Hispanic Women in Border States Less Likely to Receive Screening for Breast and Cervical Cancers
Hispanic women, particularly those who live in counties along the U.S.-Mexico border, are less likely than non-Hispanic women to undergo routine screenings for breast and cervical cancers, says the Centers for Disease Control and Prevention (CDC). The women least likely to be screened are Hispanic women aged 65 years or older, yet women in this age group are at greater risk for both cancers compared to younger women. Lack of access to health care services in the border region and the need for culturally sensitive and appropriate preventive health care in the United States may partly account for lower cancer screening rates among Hispanic women.
"CDC funds breast and cervical cancer prevention activities in all 50 states providing life-saving screening for low-income women," said Dr. Julie Gerberding, CDC director. "The results of this study underscore the need to reach more women in the border areas. Early detection through screening is our best defense against breast and cervical cancers."
The study found that nearly 61 percent of Hispanic women living in border states had household incomes of $15, 000 or less. According to U.S. government statistics, more than a third of border families live at or below the poverty line, and the unemployment rate is 2.5 to 3.0 times higher than in the rest of the United States.
Surveys conducted during 1999 and 2000 in border counties in California, Arizona, New Mexico, and Texas found that Hispanic women in all age groups had lower rates of Pap tests for cervical cancer and mammography for breast cancer than did non-Hispanic women of the same age. For instance, 71 percent of Hispanic women aged 40-49 years had received a Pap test in the past three years, compared to 91 percent of non-Hispanic women in the same region. Also, fewer Hispanic women aged 40-49 (63 percent) received a mammogram in the past 2 years compared with 67 percent of non-Hispanic women. However, both cancer screening rates fell sharply for Hispanic women aged 65 or older. Only 47 percent of the Hispanic women in that age group received a Pap test compared with 82 percent of non-Hispanic women. Rates of mammography were also lower for older Hispanic women: 59 percent compared to 84 percent of non-Hispanic women.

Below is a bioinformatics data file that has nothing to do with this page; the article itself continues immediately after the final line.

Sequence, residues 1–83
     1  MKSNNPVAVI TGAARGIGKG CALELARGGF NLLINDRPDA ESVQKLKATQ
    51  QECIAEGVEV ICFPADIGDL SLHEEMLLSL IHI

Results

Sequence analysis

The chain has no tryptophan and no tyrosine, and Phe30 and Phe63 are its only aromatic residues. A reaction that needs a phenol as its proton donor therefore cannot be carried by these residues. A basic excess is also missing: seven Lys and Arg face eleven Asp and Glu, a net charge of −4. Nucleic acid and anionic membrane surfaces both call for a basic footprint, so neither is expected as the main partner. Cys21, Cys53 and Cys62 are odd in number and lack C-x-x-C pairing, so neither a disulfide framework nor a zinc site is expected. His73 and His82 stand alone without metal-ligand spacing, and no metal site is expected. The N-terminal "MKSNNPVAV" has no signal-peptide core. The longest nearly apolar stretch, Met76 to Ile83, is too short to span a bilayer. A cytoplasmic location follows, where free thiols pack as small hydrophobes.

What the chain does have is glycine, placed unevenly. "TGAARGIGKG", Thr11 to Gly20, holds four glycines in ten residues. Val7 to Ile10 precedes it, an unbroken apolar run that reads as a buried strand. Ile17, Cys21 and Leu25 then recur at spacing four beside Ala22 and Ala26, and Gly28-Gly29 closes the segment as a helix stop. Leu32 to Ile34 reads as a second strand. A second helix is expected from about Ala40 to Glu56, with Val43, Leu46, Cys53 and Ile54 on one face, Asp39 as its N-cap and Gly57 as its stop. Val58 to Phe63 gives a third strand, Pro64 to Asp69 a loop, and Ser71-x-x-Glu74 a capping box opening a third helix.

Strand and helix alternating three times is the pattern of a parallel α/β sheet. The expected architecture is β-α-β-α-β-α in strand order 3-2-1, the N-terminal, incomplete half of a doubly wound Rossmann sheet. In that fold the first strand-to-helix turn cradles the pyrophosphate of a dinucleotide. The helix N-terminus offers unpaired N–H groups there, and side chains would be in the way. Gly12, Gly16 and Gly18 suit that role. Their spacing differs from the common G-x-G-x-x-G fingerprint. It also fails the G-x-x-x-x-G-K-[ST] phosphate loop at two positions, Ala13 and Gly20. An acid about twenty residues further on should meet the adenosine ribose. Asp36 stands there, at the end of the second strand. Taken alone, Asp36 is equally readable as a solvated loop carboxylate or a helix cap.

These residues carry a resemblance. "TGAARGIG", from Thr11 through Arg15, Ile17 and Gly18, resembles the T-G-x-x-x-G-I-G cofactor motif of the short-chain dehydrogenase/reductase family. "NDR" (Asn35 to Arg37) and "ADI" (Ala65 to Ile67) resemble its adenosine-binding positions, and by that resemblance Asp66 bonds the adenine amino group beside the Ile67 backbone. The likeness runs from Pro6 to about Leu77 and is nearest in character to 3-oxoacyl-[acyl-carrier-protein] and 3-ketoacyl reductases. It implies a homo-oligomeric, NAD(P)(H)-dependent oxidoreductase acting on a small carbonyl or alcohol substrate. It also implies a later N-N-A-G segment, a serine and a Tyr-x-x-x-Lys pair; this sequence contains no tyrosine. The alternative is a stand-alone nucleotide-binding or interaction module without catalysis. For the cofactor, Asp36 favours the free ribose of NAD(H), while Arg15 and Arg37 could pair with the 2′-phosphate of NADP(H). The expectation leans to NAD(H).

"About 15 percent of the Hispanic women in border counties had never even had a Pap test, said Steven Coughlin, PhD, lead author of the report. “Since their risk of invasive cervical cancer is likely to be higher, we need to determine what factors might keep these women from getting routine cancer screenings, and look for ways to remove those barriers."
CDC is currently funding the National Breast and Cervical Cancer Early Detection Program (http://www.cdc.gov/cancer/nbccedp/about.htm) to offer screening to low-income women, including women who are new immigrants. In addition to clinical breast exams, mammograms and Pap tests, the program ensures appropriate diagnostic follow-up, case management and assurances for medical treatment.
The full report on cancer screening in the U.S.-Mexico border counties is available in the April-June issue of the scientific journal, Family and Community Health.
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